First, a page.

Kansas Senate Votes to Repeal Renewable Energy Standards
The Kansas Senate has voted 25-15 to repeal the state's Renewable Portfolio Standards, which require 20 percent of Kansas power generation to be from renewable sources by 2020. The requirements were passed in 2009 and have been credited with helping promote wind power development.
The vote came after more than an hour of debate. Opponents of the standards say they pick winners and losers, and wind power growth has outpaced the renewable requirements. They argue that the standards have led to rate increases with more in the future. Senator Rob Olson is an Olathe Republican.
"It's time for these companies that are making a lot of money to stand on their own two feet and compete with the rest of the energy sector," says Olson.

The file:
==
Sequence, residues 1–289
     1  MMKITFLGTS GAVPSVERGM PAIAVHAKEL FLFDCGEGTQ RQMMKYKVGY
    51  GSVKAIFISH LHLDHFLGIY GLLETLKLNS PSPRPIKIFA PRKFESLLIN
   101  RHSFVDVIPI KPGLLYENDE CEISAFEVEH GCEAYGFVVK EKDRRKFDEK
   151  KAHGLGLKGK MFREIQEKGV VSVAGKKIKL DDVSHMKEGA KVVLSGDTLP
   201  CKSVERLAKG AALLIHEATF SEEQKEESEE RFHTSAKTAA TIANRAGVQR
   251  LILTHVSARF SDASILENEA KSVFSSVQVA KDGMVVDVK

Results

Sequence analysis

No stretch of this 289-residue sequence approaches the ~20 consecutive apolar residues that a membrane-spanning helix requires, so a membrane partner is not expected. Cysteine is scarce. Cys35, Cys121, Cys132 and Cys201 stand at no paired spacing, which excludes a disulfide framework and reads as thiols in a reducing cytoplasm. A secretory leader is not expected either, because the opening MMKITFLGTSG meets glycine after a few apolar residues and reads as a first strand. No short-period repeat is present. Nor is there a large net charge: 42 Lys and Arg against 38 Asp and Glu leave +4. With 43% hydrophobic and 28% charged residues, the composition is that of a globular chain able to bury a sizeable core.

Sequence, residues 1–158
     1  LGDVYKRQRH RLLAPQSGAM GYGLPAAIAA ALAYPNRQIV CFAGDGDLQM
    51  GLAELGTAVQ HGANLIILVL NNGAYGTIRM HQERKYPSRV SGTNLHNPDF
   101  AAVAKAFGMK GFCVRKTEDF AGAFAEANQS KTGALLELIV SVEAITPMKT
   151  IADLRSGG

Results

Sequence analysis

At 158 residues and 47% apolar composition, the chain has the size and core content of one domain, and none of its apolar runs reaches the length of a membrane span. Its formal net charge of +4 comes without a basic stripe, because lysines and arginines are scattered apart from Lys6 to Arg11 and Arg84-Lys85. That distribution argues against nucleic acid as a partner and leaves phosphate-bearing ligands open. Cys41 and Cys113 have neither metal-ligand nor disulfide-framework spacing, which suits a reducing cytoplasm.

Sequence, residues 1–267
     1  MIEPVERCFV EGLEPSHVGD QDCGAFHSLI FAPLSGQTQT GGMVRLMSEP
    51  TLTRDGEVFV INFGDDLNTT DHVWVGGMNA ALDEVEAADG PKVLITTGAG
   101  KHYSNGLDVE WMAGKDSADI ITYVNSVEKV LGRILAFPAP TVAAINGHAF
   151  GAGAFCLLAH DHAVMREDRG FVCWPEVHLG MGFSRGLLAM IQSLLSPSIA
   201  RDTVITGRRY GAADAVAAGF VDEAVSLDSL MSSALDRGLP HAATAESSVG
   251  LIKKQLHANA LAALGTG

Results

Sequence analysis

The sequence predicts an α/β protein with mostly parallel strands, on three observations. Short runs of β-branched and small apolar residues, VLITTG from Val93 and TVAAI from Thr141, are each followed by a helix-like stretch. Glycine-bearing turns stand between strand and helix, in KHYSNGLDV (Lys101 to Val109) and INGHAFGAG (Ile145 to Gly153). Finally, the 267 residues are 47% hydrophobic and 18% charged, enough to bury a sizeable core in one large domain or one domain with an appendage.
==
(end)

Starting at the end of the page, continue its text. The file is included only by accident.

But proponents of the standards say the cost increase has been very small and surveys show Kansans support the standards. Senator Tom Hawk is a Manhattan Democrat. He says repealing the requirement would send a negative signal to the wind turbine manufacturers and wind power producers that are providing economic development in Kansas.
"We got them to Kansas. We made the right decision initially. I don't think we want to risk sending that signal," says Hawk.
The vote in the Senate sends the bill to the House for consideration.